It Seems To Me . . .
Poor scheduling hurts soccer’s ability to gain proper public exposure.By Robert Wagman
WASHINGTON, D.C. (Friday, May 28, 1999) -- The powers-that-be who run soccer in this country -- and I mean Major League Soccer, United States Soccer Federation and the Woman's World Cup -- all complain about the relative lack of media coverage soccer receives. That certainly is a justifiable complaint. But then you look at some of the decisions being made by those same people, and you have to wonder who’s at fault.
Let me give two very current examples.
Do people at the USSF ever talk with one another? The under-17 men’s team has qualified for the world championships in New Zealand in November. This is a squad which deserves more exposure, if for no other reason than its players will be our national team of the future, and possibly the backbone of MLS within 10 years. U.S. Soccer is to be commended for scheduling the U-17s against their British counterparts here in this country. This is an extremely attractive match-up, and one certainly worthy of media attention and coverage.
So when does U.S. Soccer schedule the match? On the most important day of the early rounds of Women's World Cup.
The U.S.-Britain U-17 match will take place in Tampa on June 27 as part of a doubleheader with an MLS match between the Mutiny and the Los Angeles Galaxy. On June 27 here in Washington, Germany is playing Brazil in what should be the best match of the opening round of the Women's World Cup. Then, that evening, the U.S. women play their critical first round match against North Korea in Boston.
This means that reporters, such as me, who would have been happy to cover the U-17s, will be running from Washington to Boston and not be able to.
Here's another example. This weekend's MLS schedule features what should be the most attractive match of the entire MLS season: D.C. United against the Chicago Fire. This is certainly the best, or potentially the best, MLS has to offer. If any match this season should be on national television this is the one. But it is not going to be televised, except back to the Chicago area.
When asked about this, MLS Commissioner Doug Logan seemed perplexed. "I'm a little flabbergasted," he said. "This is a premier match-up and will be one heck of a game."
Logan placed the blame on MLS' broadcast partners (ABC and ESPN). But isn't there anyone in the league office who could read an National Hockey League schedule? A conference playoff final has been scheduled for that night for over a year, and MLS knows that the NHL playoffs get precedent over regular season soccer matches. Doesn't anyone at the league office talk with ABC and ESPN to schedule matches that will allow for the greatest exposure.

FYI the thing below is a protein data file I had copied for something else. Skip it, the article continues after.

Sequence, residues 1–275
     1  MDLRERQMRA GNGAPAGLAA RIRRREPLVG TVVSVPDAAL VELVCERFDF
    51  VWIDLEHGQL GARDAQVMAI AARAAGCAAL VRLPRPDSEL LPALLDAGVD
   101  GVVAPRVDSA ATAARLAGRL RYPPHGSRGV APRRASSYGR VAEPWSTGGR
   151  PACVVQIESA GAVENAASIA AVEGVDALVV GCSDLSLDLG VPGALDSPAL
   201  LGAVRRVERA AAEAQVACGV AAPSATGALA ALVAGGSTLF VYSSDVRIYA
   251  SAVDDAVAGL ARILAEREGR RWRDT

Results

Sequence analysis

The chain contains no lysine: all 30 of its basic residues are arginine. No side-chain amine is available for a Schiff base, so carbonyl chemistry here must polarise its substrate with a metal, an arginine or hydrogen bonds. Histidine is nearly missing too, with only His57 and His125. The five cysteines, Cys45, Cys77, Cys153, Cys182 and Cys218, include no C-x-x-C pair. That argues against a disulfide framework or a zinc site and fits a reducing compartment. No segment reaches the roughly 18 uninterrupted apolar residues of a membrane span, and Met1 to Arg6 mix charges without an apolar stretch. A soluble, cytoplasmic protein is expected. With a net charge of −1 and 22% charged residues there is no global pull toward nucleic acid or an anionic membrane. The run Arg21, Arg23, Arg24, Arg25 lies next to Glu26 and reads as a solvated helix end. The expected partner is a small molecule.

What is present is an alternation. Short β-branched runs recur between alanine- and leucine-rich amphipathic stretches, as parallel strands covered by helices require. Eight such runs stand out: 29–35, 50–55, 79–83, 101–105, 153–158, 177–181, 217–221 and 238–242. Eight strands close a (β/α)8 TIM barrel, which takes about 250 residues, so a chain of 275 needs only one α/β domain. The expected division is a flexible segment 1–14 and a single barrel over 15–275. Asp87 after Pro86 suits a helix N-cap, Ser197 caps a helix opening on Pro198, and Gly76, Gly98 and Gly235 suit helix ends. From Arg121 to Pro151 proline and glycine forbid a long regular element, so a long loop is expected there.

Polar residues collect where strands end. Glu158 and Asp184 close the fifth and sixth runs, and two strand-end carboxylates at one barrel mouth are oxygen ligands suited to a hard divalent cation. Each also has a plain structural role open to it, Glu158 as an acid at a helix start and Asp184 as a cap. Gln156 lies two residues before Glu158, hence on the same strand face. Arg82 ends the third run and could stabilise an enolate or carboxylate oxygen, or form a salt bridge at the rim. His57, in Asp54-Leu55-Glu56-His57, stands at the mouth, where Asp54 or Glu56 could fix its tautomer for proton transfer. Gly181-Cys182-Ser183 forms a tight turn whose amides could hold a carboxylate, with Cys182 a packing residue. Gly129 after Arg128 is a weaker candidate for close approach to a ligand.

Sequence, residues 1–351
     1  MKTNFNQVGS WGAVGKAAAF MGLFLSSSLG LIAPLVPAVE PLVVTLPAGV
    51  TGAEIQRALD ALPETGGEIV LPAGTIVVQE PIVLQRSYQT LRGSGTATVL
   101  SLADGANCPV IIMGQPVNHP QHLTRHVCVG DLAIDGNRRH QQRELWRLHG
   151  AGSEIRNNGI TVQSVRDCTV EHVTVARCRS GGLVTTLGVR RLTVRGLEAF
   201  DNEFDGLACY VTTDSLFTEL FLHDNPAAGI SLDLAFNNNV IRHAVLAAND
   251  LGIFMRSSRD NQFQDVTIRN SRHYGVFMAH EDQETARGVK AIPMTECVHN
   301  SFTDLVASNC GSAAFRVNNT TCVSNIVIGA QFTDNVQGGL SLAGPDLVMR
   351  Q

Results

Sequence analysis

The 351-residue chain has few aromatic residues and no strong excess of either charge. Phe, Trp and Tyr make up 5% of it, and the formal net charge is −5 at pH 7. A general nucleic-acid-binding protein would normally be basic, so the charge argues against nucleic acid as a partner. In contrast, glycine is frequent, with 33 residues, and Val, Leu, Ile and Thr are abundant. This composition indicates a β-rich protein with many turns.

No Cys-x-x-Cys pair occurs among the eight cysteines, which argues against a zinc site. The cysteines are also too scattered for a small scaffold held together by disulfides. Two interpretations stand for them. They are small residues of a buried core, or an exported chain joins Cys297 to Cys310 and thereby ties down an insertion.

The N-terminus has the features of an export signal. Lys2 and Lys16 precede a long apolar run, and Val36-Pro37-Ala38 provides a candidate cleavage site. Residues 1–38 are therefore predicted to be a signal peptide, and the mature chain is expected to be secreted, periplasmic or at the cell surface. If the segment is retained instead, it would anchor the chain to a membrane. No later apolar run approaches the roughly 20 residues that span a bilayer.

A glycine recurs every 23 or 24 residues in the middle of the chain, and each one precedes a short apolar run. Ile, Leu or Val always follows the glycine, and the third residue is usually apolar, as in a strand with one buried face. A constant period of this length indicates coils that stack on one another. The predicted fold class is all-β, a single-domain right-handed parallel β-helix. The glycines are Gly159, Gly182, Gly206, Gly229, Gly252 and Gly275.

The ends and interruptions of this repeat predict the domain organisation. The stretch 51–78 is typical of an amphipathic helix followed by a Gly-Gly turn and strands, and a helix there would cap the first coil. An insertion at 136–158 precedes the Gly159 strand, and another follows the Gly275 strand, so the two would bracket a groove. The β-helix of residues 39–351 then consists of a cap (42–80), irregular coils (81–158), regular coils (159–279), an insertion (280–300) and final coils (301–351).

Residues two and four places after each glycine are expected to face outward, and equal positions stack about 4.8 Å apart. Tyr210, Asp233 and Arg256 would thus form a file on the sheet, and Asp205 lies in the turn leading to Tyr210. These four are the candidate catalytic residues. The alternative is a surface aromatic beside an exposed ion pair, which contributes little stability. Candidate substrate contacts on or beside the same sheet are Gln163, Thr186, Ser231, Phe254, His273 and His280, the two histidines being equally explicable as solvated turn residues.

Actually, if the two United-Fire match-ups could be expected to be among the best of the year. So why schedule both of them for the first quarter of the season? Wouldn't logic have dictated one in May-June and the other in August-September?
In some fairness to Logan and his crew at MLS, you might wonder why espn2 has scheduled midget auto racing for Saturday night. But the fact of the matter is that MLS should have used the D.C.-Chicago matches as keys to the entire season's television schedule and should have begun very early on asked ABC when it wanted the two matches. Chicago-D.C, should have been played on whatever Saturday night that would assure national network coverage.
These are but two examples of soccer squandering opportunities to put its best foot forward. MLS needs to have people see Chicago-D.C. Instead its next national game will be Kansas City-Los Angeles, two franchises struggling to find themselves.
U.S. Soccer needs to have its young fans start to identify with its best young players, not
waste opportunities to do so.
Robert Wagman wrote a nationally syndicated political column for Scripps-Howard for many
years. At the same time he has covered soccer in North America for British and South African
newspapers since the days of the North American Soccer League. His "Football In America"
column now appears regularly in British newspapers. He can be e-mailed at
Robert Wagman wrote a nationally syndicated political column for Scripps-Howard for many years. At the same time he has covered soccer in North America for British and South African newspapers since the days of the North American Soccer League. His "Football In America" column now appears regularly in British newspapers. He can be e-mailed at SoccerWag1@aol.com.